Web browsing is a predictably stilted affair on the Bold 9790. Websites load quickly and you can zoom in and out with a pinch of your fingers. However, skimming through sites isn't exactly smooth, thanks to those irritating response issues. The compact screen isn't ideal for reading text-heavy sites, and the BlackBerry browser can't play Flash video on websites such as BBC News and 4OD (although a dedicated YouTube app is included).
The Bold 9790's smaller screen may make browsing awkward, but also contributes to the phone's excellent battery life. We managed 48 hours between charges with light use (occasional web browsing, texting and taking photos), and easily lasted the day when making lots of calls. Business users who find themselves constantly on the move will get plenty of mileage from this handset. The 1GHz processor handles apps well, with no noticeable slowdown even when ploughing through several tasks at once. We're also impressed by how quick the Bold starts up.
Of course, this wouldn't be a BlackBerry without the trademark QWERTY keyboard. Opinions are generally split on whether the physical keys offer an improvement over a virtual keyboard, and we recommend trying it out in a phone store if you haven't played with a BlackBerry before. We're not big fans of hitting the ‘alt' button to access basic punctuation and anyone with fat fingers will seriously struggle, but at least you get tactile feedback.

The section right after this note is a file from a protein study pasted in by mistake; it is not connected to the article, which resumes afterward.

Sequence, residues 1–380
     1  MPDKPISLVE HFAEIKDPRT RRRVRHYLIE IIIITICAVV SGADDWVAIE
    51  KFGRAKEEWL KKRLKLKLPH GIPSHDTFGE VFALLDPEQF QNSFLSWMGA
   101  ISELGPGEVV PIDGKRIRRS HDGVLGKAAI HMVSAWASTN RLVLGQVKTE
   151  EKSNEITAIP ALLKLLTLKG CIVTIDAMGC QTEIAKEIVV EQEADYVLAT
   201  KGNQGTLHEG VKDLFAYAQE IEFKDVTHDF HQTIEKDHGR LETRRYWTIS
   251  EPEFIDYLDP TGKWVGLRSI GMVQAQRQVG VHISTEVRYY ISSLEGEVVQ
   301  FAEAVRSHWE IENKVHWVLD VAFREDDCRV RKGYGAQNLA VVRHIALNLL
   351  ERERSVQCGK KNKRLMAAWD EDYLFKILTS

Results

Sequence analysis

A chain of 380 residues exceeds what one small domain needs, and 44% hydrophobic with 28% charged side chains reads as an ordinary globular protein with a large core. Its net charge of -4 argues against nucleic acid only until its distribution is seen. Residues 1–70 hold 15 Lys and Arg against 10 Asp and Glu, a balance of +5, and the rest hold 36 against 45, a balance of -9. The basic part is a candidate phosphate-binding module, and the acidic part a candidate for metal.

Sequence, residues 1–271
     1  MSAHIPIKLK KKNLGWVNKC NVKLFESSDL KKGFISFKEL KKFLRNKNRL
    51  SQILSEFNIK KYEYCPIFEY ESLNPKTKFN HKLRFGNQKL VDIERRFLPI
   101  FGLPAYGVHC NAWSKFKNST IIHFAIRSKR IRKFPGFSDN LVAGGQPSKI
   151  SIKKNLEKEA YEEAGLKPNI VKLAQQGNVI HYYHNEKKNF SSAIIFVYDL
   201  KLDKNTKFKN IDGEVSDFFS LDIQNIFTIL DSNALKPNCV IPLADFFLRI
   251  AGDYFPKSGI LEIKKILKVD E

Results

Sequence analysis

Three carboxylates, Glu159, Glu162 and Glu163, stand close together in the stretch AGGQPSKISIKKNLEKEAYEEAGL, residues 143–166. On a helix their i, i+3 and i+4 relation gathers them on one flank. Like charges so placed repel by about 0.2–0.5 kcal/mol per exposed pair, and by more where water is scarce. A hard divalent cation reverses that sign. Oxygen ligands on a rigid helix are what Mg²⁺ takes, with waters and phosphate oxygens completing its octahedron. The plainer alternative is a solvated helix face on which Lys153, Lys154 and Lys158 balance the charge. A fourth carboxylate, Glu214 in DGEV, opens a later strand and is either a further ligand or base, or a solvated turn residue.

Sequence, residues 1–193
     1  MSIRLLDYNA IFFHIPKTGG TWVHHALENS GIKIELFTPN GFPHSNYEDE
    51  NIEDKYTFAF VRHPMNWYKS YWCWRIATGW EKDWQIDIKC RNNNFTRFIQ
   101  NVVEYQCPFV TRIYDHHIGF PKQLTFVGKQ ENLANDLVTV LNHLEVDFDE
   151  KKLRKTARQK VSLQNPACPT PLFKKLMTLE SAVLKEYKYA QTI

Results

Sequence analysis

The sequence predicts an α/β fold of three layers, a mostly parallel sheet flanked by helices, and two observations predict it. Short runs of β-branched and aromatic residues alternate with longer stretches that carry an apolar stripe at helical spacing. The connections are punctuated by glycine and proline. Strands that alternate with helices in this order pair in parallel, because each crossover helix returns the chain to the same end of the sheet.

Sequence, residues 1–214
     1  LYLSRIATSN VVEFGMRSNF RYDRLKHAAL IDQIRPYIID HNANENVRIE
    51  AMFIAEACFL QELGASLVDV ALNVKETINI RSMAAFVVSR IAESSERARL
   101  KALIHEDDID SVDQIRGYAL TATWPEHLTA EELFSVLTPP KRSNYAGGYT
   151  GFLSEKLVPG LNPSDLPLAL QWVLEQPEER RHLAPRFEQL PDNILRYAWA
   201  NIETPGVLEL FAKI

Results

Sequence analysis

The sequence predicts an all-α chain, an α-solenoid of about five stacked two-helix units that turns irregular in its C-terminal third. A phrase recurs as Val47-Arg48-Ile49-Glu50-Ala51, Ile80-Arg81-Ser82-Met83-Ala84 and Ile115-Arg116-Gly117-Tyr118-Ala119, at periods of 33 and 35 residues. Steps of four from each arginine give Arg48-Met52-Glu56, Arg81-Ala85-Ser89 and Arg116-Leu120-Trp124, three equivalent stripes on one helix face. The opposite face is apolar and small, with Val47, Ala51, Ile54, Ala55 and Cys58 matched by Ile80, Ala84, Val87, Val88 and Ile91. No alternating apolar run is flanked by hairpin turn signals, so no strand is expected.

A dedicated Camera button on the right edge of the phone launches the Photo app and takes snaps. Volume controls work the 2X digital zoom, while on-screen buttons work the flash and location tracking. You also get various shooting modes, including portrait, party, landscape and a night mode. Results are annoyingly hit and miss however - for instance, we found that snow mode was consistently better at capturing outdoor scenes than landscape mode, even on a sunny day. In decent light our photos came out well, with the autofocus working hard to keep everything sharp. However, if you're shooting in low light you better use the flash, or your photos will be grainier than a bowl of All Bran. A VGA movie mode takes serviceable video.
Of course, you can also copy films onto the 8GB of internal storage (boosted by the MicroSD slot) for enjoying on the move. Unfortunately the compact display isn't an ideal way to take in a movie, especially given its boxy aspect ratio. Media fans determined to try a BlackBerry may prefer the BlackBerry Curve 9380, as the lack of a QWERTY keyboard allows for a lot more screen space. However, the Bold 9790's display is at least sharp and pleasingly vibrant, with no smudging or other issues during playback.
If you're looking for a business phone for email and communication, the BlackBerry Bold 9790 is a worthy device. Unfortunately, the compact touch-screen is iffy and browsing the web is a far from smooth affair. Current ‘Berry owners won't find enough here to warrant an upgrade either.